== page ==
Home » Voting » A new area for NYA: voting

A new area for NYA: voting

Today marks a departure for NYA from our usual research in sport. I’ve decided to devote some time to the study of voting, because I think it’s a supremely important and under-researched area.

Voting is the foundation of democracy. Both voting and democracy as a whole have been under threat in the United States. No one knows how close the nation came to the collapse of its political system in January 2021, but it was too close for the comfort of people who, like me, feel that democracy is inseparable from freedom.

In my view, the nation was saved by two factors: the coronavirus pandemic and the Black community. Without the pandemic exposing his shortcomings in the most tragic way, the incumbent president might have achieved an easy victory in the 2020 general election. Without Black voters, he still might have won despite the pandemic. Moreover, the Senate certainly would have remained in the hands of his party. Either of these outcomes would almost certainly have led to further steps along the path to authoritarianism.

This close call for our nation has left me with two strong emotions. One is the hope that the unnecessary deaths of hundreds of thousands of Americans will not go unnoticed by history. The other is gratitude toward the Black community for, in the most piercing of ironies, saving a nation that has oppressed them for centuries. The rest of us owe them a tremendous debt.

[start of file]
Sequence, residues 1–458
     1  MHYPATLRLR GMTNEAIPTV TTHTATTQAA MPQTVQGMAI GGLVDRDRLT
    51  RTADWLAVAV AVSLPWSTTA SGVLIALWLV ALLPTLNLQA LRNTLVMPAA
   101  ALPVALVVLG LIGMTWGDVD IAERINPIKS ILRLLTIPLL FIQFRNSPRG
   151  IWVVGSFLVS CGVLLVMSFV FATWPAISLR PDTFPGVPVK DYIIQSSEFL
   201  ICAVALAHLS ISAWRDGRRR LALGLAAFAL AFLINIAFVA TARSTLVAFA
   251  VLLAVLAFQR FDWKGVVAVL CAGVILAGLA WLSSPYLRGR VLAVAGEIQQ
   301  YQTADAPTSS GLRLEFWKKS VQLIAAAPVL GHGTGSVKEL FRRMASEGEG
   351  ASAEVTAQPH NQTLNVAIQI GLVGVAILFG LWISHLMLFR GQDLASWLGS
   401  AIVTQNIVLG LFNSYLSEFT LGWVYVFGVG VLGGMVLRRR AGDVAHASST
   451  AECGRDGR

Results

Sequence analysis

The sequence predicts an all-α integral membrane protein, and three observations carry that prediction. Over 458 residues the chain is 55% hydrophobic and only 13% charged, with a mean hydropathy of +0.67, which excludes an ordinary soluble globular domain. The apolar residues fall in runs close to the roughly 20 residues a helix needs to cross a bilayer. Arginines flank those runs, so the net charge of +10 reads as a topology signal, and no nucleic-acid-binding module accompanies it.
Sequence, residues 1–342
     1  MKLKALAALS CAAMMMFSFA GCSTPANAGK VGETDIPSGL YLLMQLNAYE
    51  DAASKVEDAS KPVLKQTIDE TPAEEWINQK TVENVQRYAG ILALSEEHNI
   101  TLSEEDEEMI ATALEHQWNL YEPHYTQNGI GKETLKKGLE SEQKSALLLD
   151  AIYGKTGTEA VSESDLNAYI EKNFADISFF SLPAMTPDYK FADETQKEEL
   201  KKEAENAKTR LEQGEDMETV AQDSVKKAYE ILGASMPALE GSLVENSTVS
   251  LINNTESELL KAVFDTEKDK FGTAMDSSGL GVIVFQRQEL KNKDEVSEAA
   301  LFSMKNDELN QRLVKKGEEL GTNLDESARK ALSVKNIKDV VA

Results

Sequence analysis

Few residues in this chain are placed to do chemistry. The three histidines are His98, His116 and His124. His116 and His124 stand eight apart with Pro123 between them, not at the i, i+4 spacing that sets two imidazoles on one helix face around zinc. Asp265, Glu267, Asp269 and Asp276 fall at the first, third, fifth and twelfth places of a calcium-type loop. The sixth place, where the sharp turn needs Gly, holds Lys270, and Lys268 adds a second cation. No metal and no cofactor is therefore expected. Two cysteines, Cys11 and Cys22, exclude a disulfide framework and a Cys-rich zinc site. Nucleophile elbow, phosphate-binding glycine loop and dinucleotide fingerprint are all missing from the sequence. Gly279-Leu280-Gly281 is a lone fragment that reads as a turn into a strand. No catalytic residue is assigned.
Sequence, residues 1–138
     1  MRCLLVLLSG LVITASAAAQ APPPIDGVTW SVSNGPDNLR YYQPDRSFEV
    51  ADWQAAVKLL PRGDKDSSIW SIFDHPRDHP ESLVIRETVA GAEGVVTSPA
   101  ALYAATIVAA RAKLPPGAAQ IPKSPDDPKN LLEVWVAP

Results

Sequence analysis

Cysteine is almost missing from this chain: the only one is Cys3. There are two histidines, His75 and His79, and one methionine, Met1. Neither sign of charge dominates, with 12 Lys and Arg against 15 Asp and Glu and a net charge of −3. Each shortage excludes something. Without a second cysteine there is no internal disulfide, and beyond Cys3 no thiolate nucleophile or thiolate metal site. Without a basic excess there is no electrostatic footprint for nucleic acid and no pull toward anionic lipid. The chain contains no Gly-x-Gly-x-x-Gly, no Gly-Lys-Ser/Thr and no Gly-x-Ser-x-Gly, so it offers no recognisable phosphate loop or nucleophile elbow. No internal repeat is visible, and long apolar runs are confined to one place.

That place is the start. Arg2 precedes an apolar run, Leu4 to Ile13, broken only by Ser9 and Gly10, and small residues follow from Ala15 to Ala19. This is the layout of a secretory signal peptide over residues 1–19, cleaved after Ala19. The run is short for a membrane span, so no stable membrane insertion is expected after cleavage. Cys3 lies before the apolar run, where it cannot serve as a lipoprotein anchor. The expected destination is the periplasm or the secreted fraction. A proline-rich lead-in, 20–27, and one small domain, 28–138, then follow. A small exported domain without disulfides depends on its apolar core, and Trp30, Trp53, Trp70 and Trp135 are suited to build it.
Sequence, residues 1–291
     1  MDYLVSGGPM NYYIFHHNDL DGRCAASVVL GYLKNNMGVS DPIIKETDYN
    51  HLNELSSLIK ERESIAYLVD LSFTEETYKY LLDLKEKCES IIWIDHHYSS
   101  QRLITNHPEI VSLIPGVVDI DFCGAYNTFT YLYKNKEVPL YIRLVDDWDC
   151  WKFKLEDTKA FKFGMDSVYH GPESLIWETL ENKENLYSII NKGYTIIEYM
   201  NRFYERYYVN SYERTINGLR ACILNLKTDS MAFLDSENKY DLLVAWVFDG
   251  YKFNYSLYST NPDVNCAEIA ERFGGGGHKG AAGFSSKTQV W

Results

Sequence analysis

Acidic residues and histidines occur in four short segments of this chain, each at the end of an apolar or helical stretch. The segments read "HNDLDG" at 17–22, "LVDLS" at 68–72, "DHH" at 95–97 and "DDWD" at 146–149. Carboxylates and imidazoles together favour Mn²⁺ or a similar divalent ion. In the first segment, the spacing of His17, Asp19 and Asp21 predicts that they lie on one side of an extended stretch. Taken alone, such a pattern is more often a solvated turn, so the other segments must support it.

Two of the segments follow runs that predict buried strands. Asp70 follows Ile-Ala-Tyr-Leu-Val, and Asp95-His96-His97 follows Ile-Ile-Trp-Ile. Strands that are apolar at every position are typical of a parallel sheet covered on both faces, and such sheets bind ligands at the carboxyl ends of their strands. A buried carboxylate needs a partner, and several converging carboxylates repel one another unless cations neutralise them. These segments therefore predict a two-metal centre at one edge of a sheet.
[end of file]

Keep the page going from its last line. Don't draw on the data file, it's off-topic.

The research that I will publish here is an attempt to repay a small portion of that debt. I will use publicly available data sources to study patterns of registration and voting, highlighting differences between communities and geographies. I will try identify the pinch points for voting and the focal points for vote suppression in the Black community. I will also post the code that I have used for the analysis in full.

My goal is to add to the evidence base that the Black community and its allies can use to correct the injustices that have been built into our democracy. Please look for the first posted research later this week.

[Photo: Pete Souza]